In terms of how the new Palestinian school books define the state of Israel, the Jewish state appears nowhere on the maps in the new PA school books, while series of three maps in the Palestinian Authority history atlas which show the “Jewish Zone” in the 1937 Partition Plan, the 1947 Partition Resolution and the 1949 armistice lines.And what do Palestinian school children learn about Jerusalem?
However, Palestinian children learn from their new schoolbooks that the Palestinian Arab entity is the sovereign state in the region, encompassing Israeli regions, cities and sites which are presented as part of the Palestinian Arab State. Israeli territory is referred to as “the lands of 1948” or “the Green Line”
The new Palestinian school books describe the Middle East conflict as “a confrontation between “Zionism backed by Imperialism” – and its victims – the Palestinians. Not one word is mentioned in these new textbooks about the UN Partition Resolution of 1947 or about the invasion of the nascent state of Israel by seven Arab nations on the day of Israel’s declaration of independence in 1948.
And how do the new textbooks of the Palestinian Authority explain the creation of the Palestinian refugee problem in 1948 to a new generation of Palestinian Youth? As nothing less than the “outcome of a premeditated plan by Zionism and British Imperialism to expel the Palestinian Arabs from their land”.
Jerusalem is presented by the new Palestinian Authority as an Arab city from time immemorial. Its Jebusite founders are Arabized and the Israelite or Jewish historical ties to this city, both national and religious, are not mentioned. Jerusalem is declared to be the capital of Palestine.
After reading this article I thought I would visit the CIDA website and see how CIDA describes their activities in the Occupied Territories & Gaza:
What I found was this:
The Canadian International Development Agency (CIDA) is working with Canadian and international partners to help create an environment conducive to peace and in which development can flourish. Canada has a long-standing commitment to regional stability and progress in the Middle East.
CIDA supports the search for peace, democracy, and equity in the region.
CIDA’s OBJECTIVES: Since 2000, CIDA has spent an average of $13 million per year on sustainable development and technical assistance within the Palestinian Territories, strengthening civil society, and humanitarian assistance. CIDA works with a variety of partners, including multilateral organizations and international agencies as well as private Canadian organizations and non-governmental organizations. It continues to seek innovative ways to improve the effectiveness of its aid delivery despite the ongoing crisis, by encouraging local ownership, by developing new strategic partnerships and by increasing its field presence.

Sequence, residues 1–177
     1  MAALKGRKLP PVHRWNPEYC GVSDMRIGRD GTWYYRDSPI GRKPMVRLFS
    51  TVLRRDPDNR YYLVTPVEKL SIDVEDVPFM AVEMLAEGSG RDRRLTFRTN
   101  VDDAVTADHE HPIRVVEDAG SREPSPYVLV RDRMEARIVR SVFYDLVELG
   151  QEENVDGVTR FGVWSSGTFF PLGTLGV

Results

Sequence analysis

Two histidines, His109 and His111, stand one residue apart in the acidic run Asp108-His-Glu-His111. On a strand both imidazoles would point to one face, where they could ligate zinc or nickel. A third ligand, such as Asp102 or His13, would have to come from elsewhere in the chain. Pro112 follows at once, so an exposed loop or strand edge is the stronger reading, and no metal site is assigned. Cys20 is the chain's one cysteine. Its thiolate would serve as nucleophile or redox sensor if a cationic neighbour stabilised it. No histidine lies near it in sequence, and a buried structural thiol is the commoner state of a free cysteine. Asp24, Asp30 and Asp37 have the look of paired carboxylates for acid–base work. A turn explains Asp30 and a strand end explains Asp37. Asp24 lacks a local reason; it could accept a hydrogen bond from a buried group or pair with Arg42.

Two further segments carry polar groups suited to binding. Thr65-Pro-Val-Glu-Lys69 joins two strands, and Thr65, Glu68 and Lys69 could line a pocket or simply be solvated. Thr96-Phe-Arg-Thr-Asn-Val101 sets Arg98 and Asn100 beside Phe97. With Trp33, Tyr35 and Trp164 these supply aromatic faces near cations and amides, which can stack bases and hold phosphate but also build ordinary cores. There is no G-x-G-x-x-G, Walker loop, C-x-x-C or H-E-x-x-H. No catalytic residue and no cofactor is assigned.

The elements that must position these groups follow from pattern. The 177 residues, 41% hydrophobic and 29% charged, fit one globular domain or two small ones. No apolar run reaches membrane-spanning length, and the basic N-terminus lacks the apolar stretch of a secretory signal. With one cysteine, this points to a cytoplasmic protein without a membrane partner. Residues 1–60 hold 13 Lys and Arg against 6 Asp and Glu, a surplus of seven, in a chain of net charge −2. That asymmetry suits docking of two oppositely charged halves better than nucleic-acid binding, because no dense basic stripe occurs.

Residents of the West Bank and Gaza also benefit from a number of CIDA regional programs addressing issues such as the management of water supplies; fostering conflict resolution, dialogue, and cooperation among Israelis, Jordanians, and Palestinians; and improving living conditions for refugees in neighbouring countries such as Jordan, Lebanon, and Syria.
CIDA continuously monitors its humanitarian and development programs in the Middle East to ensure that assistance is delivered to the most vulnerable people by prudently selecting its partners in development and by working closely with other federal departments and agencies.
The Developmental Challenge for CIDA in the West Bank & Gaza: CIDA has also played a role in establishing electoral systems in the Palestinian Territories. Working with Elections Canada, CIDA funded a project that helped community-based organizations develop and distribute election information. CIDA also provided technical assistance to the Palestinian Electoral Commission and Canadian observers for the elections in 1996. In another CIDA-funded project, Oxfam Quebec helped communities in five refugee camps organize, and build or revitalize community resources such as three libraries, a playground, and a women's centre.
Reflecting Canadian Values: Canada's role in the world—including CIDA's work in the West Bank and Gaza—reflects the Canadian values of a free and open society that respects and celebrates its diversity, and strives for the universal realization of human rights and a high standard of living for all.
I have to ask myself how hard or expensive could it possibly be to purchase textbooks for Palestinian school children that are historically accurate and at the very least-neutral? If CIDA is to persist in the myth of fostering Canadian values does it not have an obligation to the taxpayers of this country to ensure that all goods or services purchased with Canadian taxpayers dollars do not promote prejudice, resentment and delusions? I maybe naïve but I would suspect that if the standard fare in Palestinian school children’s textbooks were not used to support prejudicial and delusional thinking it would go considerable further in promoting peace and a realization of human rights. How does the awarding of grants for this kind of a syllabus promote conflict resolution skills that don’t start with the cry "Kill the Jews"?